Hurray, you made it. This is the end of our four-part series on saying no. In the previous weeks, we covered some reasons why people struggle with saying no and we looked at boundaries and how we can use them to improve our ability to say no. Now we can put it all together to give solid resources you can use to help.
So, some guidelines to follow when saying no:
- Be polite: No thanks. I’m sorry I have to say no
- Trying using the word “not” instead: I am not able to do that right now. I am not interested.
- Don’t lie: be honest about why if you feel the need to say why, Lies can make is worse later on
- Provide an alternative: if your answer is no to only part of the request, say that and suggest a request you could say yes to
- Don’t over explain: You do not have to justify why you are saying no. There is a difference between giving a reason and justifying. Provide the reason clearly and simply stated
- Don’t be afraid to ask for time to think about it
- Don’t put off answering. If you think saying no will be easier tomorrow, you are wrong. Putting it off just leads to you dwelling in it further.
- Use body language to support your words: look at the person if you can when you say it. Don’t be looking at your feet as if you are ashamed of something.
- You have the right to change your mind. At the same time, share that you have changed your mind. Don’t leave people in a state of limbo wondering if you have lied to them when you said your first answer or which answer they should take seriously.
In addition to these guidelines, the first thing to remember about learning to say no, it is a skill. We need to practice that skill over and over again to become effective with it. Your brain is currently wired to say yes even though you want to say no. We need to overwrite the programming. In the previous weeks, you have laid the groundwork to do that. A simple trick to help with the reprogramming is repetition. Do it lots and it will become easier. Start with testing it out on little things. Choose situations that have little consequences for you where you can say no politely and respectfully without fear, like at restaurants when the server asks if you would like dessert or more to drink. Practice and practice the feeling of saying no. Keep a journal of how you feel each time you say no and how people respond to you. This will show your progress with it as your yuck feelings will diminish over time and you will have evidence that people will not hate you for saying no. It can also help you identify where you may need to set some boundaries.
An awesome tool for saying no, is called the positive no. It is a simple sentence structure that can lead to a positive outcome for everyone. It is structured with empathy + answer + work around.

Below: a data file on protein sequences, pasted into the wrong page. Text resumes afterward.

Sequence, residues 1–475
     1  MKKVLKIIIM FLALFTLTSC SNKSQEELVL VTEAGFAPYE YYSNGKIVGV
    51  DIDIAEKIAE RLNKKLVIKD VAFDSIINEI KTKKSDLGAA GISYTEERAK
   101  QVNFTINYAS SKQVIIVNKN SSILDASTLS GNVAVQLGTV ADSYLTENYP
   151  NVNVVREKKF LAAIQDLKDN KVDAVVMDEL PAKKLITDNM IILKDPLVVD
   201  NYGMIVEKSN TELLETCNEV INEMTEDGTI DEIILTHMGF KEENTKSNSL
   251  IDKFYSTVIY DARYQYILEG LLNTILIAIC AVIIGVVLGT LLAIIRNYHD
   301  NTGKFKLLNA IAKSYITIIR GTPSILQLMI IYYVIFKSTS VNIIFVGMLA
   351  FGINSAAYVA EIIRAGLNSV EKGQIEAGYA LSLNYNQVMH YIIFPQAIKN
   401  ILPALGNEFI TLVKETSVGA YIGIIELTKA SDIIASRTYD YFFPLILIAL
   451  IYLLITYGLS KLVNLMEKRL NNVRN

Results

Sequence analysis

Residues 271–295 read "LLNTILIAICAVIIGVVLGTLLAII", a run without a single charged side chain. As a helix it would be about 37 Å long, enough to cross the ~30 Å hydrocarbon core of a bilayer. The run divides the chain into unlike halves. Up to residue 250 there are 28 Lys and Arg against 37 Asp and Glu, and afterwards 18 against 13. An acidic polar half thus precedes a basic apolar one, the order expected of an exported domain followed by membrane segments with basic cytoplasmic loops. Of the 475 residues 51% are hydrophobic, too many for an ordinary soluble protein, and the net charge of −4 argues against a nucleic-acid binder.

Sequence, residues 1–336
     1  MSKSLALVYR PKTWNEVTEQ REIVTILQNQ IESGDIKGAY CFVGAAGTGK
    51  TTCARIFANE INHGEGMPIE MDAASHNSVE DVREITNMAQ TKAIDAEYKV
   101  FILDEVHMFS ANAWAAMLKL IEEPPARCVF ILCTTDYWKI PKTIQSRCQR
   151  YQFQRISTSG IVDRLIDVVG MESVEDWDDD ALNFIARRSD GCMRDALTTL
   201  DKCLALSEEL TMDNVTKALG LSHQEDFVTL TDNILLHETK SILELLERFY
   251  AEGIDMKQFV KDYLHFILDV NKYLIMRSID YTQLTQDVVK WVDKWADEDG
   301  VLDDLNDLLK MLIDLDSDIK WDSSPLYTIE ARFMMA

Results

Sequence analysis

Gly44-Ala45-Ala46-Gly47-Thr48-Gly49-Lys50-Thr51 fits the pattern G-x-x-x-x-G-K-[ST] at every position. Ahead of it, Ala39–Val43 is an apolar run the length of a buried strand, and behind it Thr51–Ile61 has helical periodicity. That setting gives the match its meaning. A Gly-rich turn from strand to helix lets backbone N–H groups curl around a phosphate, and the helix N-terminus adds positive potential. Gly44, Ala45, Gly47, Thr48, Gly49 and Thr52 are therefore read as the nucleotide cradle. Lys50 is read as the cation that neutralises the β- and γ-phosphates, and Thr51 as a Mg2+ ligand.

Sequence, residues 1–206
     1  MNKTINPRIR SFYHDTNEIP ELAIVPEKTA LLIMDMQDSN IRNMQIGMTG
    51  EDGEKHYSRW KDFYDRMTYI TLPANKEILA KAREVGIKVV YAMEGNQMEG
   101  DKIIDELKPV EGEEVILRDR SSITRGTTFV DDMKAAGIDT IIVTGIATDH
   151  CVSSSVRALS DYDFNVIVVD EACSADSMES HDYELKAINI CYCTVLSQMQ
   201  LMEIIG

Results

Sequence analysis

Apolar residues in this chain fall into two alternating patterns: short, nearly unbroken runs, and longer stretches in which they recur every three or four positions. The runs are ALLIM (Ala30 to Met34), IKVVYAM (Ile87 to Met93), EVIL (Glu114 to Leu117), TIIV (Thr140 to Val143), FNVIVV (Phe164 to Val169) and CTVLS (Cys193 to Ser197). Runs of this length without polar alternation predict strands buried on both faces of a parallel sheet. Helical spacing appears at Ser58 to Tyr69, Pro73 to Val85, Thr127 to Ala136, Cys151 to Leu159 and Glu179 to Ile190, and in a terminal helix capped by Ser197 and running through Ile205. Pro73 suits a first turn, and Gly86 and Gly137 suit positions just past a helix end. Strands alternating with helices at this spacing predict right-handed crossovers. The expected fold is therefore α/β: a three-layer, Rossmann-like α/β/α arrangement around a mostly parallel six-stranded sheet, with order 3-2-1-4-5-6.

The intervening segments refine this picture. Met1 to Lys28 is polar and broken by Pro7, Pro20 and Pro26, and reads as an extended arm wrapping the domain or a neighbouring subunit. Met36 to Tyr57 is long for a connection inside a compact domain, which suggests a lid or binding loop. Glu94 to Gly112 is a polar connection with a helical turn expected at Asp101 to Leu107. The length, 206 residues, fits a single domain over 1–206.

I appreciate how much work you are putting into this project (empathy), however I need to decline (answer). I could help you with this other part of your project if you would like (work around)
Another effective tool is to sandwich your no between two positive statements. Say something positive about the request, then your answer followed by something positive.
I am flattered you thought of me. I have to say no at this time. I love your courage to take on this project.
In addition to these response structures you have your boundaries to fall back on. If you have planned even a rough draft of your boundaries you are better equipped to respond to requests. When the request comes in you can evaluate where it falls in your boundaries. If it is outside, you already know the answer is no and why you want to say no. If a friend asks to borrow your car you may have already determined that your material boundaries determine that you will only lend something you are not willing to lose. If you are not willing to lose your car you can answer your friend, with “I’m sorry, I can’t lend you my car. I can’t afford to be without it nor to buy a new one. Because of that I need to ensure I have it for a long time coming.”
Thank you for staying with us as we presented the art of saying no. Hopefully you have a better understanding of why no is such a difficult word for some people. Remember the struggle to say no comes from one of two places; unhelpful thoughts (people will hate me), and fuzzy/porous boundaries. As we showed there is evidence that saying no is a positive healthy way to behave in society. Challenging those unhelpful thoughts and clearly defining your boundaries can bring you closer to being comfortable saying no. And practice, train for those Olympics and reach for the gold in positive self-worth and respect for yourself. Do it over and over again. Before long you will see how easy it becomes and how much better you feel about yourself. Your relationships will probably thank you too. You will be teaching them how to treat you, so they can express how much they value and respect you. That is a better gift than lying to them and saying yes when you want to say no.
The worksheet for this entry are to help build you boundaries and keep track of the. here.
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